‘Grim Sleeper’ Suspect To Enter Plea
LOS ANGELES (AP) — The backyard mechanic accused of being the “Grim Sleeper” serial killer pleaded not guilty Monday to murdering 10 women and trying to kill one more person over the course of two decades.
The pleas were entered by an attorney for defendant Lonnie Franklin Jr., who spoke only to answer procedural questions in Superior Court.
Prosecutors have not decided if they will seek the death penalty.
Franklin, 57, was wearing an orange prison jumpsuit with his hands shackled to his waist.
About 30 family members and friends of victims attended the hearing. Some were in tears as they left court.
Franklin is accused of killing the women from 1985 to 1988 and from 2002 to 2007. The 14-year pause led to the nickname “Grim Sleeper.”
Outside the courthouse, attorney Louisa Pensanti, a private attorney who is representing Franklin for free, said she would assemble a team of lawyers to look through more than 8,000 pages of documents provided by prosecutors.
Lawyers will focus on DNA evidence against Franklin, which Pensanti said was “not as cut and dry” as authorities assert.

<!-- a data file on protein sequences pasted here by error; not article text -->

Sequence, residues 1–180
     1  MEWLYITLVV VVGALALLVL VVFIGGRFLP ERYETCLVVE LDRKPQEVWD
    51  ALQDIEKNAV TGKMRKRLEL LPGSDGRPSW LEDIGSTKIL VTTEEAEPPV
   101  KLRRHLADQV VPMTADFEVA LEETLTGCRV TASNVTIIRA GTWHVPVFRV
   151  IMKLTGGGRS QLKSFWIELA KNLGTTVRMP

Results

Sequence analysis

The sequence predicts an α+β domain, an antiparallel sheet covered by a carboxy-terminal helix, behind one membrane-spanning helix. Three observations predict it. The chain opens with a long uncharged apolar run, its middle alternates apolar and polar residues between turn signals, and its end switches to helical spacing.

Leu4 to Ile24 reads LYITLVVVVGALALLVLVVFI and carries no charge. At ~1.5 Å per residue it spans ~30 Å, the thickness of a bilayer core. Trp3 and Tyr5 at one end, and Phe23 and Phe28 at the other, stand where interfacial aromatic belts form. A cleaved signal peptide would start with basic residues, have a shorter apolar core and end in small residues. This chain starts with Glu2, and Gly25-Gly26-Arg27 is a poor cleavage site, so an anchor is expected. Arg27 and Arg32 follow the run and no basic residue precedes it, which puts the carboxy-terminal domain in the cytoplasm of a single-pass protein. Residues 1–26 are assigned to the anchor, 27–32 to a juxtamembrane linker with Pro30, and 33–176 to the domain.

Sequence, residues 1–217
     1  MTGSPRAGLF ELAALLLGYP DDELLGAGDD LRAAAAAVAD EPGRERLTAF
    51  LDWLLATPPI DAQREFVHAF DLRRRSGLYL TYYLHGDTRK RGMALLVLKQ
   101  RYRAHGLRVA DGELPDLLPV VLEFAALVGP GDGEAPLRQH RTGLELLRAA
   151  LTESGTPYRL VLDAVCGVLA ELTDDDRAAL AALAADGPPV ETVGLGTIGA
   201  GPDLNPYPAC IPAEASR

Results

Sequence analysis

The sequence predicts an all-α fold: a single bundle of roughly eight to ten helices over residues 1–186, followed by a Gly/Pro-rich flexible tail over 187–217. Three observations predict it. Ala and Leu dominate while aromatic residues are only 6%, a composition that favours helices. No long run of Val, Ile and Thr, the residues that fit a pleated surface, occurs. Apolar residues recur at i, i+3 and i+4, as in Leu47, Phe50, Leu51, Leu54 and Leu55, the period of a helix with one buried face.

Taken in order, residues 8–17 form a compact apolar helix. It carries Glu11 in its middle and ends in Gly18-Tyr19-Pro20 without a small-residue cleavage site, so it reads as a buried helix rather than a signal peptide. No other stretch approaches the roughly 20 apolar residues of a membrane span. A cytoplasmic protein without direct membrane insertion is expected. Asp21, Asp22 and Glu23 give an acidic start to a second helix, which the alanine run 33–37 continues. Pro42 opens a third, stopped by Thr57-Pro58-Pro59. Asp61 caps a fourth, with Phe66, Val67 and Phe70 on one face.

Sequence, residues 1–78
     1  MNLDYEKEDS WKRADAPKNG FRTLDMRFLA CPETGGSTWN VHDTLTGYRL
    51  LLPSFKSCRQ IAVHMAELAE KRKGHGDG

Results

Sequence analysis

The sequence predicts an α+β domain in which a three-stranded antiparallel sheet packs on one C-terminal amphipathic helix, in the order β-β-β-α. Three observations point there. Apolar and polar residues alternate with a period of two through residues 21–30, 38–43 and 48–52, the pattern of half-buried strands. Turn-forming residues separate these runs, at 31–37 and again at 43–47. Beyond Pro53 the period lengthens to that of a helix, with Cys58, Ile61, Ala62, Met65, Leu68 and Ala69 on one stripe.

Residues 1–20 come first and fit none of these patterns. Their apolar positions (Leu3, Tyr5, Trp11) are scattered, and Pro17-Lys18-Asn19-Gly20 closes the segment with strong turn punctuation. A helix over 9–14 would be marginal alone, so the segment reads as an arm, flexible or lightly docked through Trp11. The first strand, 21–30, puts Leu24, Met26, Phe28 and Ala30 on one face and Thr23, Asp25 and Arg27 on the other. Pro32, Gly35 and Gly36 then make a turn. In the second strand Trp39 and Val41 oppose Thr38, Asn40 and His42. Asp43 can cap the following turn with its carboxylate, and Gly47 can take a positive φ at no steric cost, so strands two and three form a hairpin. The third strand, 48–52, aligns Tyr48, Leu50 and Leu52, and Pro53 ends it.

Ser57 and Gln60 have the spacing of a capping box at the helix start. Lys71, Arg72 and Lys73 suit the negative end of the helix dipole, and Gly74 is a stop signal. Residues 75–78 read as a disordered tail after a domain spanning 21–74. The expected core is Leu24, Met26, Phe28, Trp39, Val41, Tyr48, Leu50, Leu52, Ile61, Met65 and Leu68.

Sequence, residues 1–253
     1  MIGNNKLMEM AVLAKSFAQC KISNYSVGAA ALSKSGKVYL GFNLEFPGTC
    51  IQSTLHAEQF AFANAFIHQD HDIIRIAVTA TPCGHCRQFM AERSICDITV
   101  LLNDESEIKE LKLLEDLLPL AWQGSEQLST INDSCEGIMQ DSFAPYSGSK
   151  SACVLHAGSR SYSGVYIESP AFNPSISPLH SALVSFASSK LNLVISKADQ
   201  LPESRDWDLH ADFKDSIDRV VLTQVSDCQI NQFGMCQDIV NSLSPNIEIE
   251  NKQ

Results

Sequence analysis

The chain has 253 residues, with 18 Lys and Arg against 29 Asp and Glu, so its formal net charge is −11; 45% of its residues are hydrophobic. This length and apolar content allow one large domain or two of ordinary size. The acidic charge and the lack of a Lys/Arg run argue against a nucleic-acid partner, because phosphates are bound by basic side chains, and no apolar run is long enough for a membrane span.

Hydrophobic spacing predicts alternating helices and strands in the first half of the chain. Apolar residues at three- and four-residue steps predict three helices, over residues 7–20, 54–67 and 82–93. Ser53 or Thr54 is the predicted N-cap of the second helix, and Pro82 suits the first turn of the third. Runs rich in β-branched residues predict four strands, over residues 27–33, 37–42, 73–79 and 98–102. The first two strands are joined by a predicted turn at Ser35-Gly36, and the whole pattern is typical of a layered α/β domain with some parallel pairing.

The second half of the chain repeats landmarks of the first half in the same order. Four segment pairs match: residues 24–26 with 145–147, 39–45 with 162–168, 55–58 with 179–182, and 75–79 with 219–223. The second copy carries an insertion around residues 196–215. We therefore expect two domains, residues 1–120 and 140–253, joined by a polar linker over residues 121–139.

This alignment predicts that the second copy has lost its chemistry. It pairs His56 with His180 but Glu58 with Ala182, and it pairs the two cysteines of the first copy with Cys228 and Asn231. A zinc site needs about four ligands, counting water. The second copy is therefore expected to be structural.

All the women were killed within a few miles of Franklin’s home in South Los Angeles, where neighbors knew him as a talented backyard mechanic.
Police also have said they suspect Franklin of killing a man who may have discovered he was a killer. Investigators were reviewing more than 30 other cold case files to see if they can tie Franklin to other slayings.
Franklin was arrested in July after his son was arrested and swabbed for DNA. Using a technique known as a familial DNA search, the sample came back as similar to evidence in the serial killings, ultimately leading police to Franklin.
Franklin is due back in court Sept. 14.
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